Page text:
International agencies warned on Monday that the economic toll of the COVID-19 pandemic has left more than 25 million people in Africa and Asia unable to purchase energy, jeopardising a worldwide aim of providing electricity to everyone by 2030.
According to an annual global report tracking progress on sustainable energy, two-thirds of those affected were in Sub-Saharan Africa, widening inequities in the region’s access to electricity. As the COVID-19 issue damaged jobs and wages in 2020, millions of people struggled to pay for basic electrical services such as lighting, fans, TV, and cellphones, according to the research.
This jeopardises progress made in the previous decade, which saw more than a billion people gain access to power since 2010, bringing the global population to 90 per cent by 2019. However, the pandemic has put the United Nations-backed aim of ensuring universal access to energy by 2030 “in jeopardy,” with the number of people without power in Africa expected to rise in 2020 after declining for the previous six years research.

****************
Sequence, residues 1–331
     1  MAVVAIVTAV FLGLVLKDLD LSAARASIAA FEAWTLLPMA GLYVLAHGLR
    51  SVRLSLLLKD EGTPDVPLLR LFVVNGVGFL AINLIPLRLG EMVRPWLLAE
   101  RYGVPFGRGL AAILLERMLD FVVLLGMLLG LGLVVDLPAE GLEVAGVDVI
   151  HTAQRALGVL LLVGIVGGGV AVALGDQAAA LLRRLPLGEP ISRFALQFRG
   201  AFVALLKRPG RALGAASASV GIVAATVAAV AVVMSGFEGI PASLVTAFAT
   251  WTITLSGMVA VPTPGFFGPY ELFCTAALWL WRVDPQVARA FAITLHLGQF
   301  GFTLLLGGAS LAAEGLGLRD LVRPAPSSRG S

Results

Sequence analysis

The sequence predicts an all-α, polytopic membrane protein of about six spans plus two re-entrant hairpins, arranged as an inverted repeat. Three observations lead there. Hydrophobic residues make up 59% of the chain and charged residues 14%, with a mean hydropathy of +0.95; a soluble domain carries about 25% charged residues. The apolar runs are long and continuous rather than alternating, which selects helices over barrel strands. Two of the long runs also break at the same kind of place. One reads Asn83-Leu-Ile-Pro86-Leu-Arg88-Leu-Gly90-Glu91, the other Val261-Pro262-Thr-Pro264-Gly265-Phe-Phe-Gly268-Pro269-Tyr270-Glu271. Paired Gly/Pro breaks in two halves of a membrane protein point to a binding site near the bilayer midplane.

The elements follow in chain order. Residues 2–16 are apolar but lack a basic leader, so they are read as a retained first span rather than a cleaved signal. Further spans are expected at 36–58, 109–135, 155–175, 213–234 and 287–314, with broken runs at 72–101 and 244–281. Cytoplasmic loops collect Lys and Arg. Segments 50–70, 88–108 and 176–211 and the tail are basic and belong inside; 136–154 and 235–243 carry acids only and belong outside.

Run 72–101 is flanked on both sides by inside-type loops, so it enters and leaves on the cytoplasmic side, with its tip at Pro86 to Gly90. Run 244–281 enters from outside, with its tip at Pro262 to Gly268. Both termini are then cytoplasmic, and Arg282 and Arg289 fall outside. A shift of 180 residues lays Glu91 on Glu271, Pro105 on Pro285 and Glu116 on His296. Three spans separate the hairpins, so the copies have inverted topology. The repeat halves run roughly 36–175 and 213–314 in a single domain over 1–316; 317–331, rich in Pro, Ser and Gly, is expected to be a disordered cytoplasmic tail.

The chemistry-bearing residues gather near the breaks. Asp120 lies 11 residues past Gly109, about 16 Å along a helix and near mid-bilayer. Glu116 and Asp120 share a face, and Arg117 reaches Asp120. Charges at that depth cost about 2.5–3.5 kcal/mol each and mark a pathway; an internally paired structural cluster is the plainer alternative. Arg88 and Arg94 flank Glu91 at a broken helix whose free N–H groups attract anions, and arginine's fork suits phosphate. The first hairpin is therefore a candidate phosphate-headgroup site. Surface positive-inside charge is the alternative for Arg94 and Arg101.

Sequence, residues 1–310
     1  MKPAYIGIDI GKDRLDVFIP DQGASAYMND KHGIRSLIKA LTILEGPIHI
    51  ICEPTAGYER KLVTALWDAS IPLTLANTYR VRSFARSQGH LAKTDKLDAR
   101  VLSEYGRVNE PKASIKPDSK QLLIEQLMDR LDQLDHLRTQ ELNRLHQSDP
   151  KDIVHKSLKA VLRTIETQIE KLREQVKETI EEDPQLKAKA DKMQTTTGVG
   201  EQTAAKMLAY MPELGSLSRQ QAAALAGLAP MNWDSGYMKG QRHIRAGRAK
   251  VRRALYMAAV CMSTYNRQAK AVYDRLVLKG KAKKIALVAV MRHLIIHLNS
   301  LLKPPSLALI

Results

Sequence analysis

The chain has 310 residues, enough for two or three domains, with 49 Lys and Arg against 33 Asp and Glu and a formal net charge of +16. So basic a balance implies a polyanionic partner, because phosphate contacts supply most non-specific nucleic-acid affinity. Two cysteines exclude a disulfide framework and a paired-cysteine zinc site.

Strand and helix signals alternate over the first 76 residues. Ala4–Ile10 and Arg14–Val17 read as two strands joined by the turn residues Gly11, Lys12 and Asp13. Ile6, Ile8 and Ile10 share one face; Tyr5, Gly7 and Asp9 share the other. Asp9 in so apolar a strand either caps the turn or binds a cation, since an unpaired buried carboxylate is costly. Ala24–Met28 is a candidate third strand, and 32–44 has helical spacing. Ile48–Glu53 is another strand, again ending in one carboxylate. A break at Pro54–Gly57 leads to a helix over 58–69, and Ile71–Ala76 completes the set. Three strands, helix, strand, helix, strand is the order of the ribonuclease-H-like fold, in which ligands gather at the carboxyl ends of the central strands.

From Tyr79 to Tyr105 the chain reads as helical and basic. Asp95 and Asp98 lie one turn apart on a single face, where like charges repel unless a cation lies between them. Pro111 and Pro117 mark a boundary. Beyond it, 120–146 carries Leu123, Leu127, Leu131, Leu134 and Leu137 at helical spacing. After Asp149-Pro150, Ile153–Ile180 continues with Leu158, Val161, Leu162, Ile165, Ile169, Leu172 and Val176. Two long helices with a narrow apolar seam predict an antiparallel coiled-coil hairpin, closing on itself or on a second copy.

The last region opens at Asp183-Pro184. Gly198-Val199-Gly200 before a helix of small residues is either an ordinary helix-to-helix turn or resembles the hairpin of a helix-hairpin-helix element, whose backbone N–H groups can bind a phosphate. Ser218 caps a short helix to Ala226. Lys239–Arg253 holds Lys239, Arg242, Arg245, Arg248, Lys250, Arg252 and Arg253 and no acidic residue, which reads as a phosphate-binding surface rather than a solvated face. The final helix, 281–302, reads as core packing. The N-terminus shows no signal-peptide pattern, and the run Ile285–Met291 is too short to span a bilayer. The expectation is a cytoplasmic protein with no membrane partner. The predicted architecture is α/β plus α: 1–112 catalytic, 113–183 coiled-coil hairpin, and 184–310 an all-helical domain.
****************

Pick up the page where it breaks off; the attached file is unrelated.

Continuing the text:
He told the Thomson Reuters Foundation that “lack of access to reliable energy has an impact on public health and would necessitate additional efforts to build the data, communications, logistics, and reliable cold chain needed to give vaccines.”
According to a report provided by the International Energy Agency, International Renewable Energy Agency, U.N. Department of Economic and Social Affairs, World Bank and World Health Organization (WHO)., an estimated 660 million people will still be without power in 2030 under existing and projected policies.